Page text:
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Los Angeles Employment Lawyer
Los Angeles Litigation Law Firm 424-284-2401

Los Angeles Medical Leave Lawyer

A number of laws, such as the Americans with Disabilities Act, protect workers who need medical leave in order to do their jobs. But these laws often only apply in extreme cases. Legally, a “disability” is a condition which significantly impacts everyday activities for long periods of time. Occasionally, workers have short-term medical needs. They must attend to these needs in order to be more productive at work. The 1993 Family Medical Leave Act applies to situations like these.

An insightful Los Angeles medical leave lawyer at Litigation, P.C. always serves as a strong advocate for you and always see both sides of the story. Therefore, we are usually able to anticipate an employer’s defenses and resolve these matters out of court. These resolutions typically include money for compensatory losses as well as significant general damages.

Employee FMLA Rights

The ADA only applies to workers with disabilities. But almost all workers are entitled to protection under the Family Medical Leave Act (FMLA). Employees who have at least twelve months of service and have worked at least 1,250 hours during the preceding twelve months (about twenty-five hours a week) are entitled to twelve weeks of unpaid leave in the following situations:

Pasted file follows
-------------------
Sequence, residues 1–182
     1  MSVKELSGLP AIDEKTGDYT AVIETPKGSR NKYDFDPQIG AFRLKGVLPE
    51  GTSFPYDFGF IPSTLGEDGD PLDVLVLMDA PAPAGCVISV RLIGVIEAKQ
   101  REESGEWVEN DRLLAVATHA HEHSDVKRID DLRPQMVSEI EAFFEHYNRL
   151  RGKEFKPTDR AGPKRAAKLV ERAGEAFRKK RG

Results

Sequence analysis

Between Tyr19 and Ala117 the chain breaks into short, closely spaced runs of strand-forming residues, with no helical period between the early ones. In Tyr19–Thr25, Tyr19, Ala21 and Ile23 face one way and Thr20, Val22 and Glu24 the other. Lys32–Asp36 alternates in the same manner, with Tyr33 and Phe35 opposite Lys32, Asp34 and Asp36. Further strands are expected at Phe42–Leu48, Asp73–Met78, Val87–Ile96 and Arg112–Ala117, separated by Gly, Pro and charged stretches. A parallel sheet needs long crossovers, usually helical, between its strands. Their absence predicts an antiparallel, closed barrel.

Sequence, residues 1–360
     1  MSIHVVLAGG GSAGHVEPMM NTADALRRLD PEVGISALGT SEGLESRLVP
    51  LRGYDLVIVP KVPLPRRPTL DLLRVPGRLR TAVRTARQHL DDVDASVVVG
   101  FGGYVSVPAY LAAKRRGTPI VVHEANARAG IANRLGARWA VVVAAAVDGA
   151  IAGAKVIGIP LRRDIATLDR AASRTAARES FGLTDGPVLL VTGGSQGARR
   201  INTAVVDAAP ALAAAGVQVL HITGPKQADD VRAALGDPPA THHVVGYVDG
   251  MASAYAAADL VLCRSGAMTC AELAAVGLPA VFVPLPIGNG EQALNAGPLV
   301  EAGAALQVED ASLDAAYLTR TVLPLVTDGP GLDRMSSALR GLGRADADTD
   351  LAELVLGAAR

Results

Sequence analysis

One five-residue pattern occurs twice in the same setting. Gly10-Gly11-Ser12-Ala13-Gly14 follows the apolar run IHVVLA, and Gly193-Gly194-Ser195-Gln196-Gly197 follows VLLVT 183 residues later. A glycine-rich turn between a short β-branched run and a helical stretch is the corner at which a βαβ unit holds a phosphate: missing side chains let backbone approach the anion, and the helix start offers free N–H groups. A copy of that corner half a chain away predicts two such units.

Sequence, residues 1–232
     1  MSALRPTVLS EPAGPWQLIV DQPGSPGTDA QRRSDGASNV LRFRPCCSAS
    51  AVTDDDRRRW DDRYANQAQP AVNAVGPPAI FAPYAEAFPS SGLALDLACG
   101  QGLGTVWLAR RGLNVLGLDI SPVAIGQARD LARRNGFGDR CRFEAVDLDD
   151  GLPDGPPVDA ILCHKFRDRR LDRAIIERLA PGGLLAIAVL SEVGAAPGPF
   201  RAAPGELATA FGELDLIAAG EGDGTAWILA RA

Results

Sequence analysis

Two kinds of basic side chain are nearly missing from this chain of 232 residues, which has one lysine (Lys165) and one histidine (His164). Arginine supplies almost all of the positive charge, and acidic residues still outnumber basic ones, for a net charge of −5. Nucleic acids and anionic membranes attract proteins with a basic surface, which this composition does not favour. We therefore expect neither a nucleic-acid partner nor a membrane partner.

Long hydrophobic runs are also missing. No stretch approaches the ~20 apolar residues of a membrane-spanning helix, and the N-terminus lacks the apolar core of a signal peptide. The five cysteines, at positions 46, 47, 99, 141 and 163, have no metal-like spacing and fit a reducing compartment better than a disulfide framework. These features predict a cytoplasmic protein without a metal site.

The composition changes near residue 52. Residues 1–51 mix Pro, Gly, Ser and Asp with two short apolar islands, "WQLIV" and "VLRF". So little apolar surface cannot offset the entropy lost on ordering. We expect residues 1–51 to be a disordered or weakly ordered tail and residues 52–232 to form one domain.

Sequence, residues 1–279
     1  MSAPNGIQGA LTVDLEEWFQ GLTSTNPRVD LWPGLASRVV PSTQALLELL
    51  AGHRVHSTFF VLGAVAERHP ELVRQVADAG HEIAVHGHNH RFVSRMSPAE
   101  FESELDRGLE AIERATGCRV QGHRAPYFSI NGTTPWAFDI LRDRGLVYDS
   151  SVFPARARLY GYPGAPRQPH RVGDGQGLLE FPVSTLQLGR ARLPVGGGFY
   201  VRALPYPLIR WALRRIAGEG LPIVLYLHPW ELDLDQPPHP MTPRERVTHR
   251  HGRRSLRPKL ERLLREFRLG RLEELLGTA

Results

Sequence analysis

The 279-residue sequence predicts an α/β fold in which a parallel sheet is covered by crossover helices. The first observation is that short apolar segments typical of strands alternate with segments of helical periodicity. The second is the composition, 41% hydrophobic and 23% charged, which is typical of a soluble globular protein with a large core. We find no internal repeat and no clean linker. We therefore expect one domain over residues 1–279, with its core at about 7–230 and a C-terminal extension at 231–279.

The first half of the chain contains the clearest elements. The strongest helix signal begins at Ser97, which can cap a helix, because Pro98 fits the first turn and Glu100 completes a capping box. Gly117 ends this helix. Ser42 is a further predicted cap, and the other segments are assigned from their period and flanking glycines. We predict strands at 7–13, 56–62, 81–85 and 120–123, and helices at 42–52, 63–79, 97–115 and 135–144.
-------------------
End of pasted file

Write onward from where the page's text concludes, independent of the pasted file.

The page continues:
• Caring for any injured family member who is in the military,
  • Birthing/bonding time with a newly born or adopted child (in California, domestic partners also have this right),
  • Caring for a seriously ill or injured immediate family member, usually a spouse or minor child,
  • Recovering from their own serious injury or illness, and
  • Attending to emergencies, such as child care, related to a family member’s military deployment.

Frequently, these workers need blocks of time off from work. Maternity/paternity leave is a good example. Much more often, however, these individuals need intermittent FMLA leave. Injury/illness recovery is a good example. Many people have good days and bad days on the road to recovery. Intermittent FMLA leave is available, but employers dislike it intensely. This dislike often leads to disputes, as outlined below.

FMLA leave is usually twelve weeks of unpaid leave during any twelve-month period. Legally, employers must give workers their old jobs back when they return, or a substantially similar position which has the same pay, benefits, seniority, and so on.

Employer FMLA Rights

In a nutshell, employers are usually entitled to documentation of the need for absence and reasonable notice before the employee takes leave.

The documentation almost always involves a doctor’s note which must state the nature of the illness or injury, how the condition affects the worker’s performance, including the effects of any medication, and the estimated recovery period. Employers also have the right to ask for supplemental documentation or multiple medical opinions. Employers bear the cost for these things.

Legally, workers must give 30 days’ notice if the need for leave is “foreseeable.” This word is always quite subjective. Additionally, in some situations, such as child care, employees must accept block FMLA leave.

In some cases, employers also have the right to force employees to burn comp time or PTO (Paid Time Off) rather than grant unpaid leave. The law in this area is rather uncertain.

Work With a Thorough Los Angeles County Medical Leave Attorney

The law guarantees equal opportunity for everyone. For a confidential consultation with an experienced Los Angeles medical leave lawyer, contact Litigation, P.C., at 424-284-2401 or online to learn about your legal options. We routinely handle matters throughout SoCal.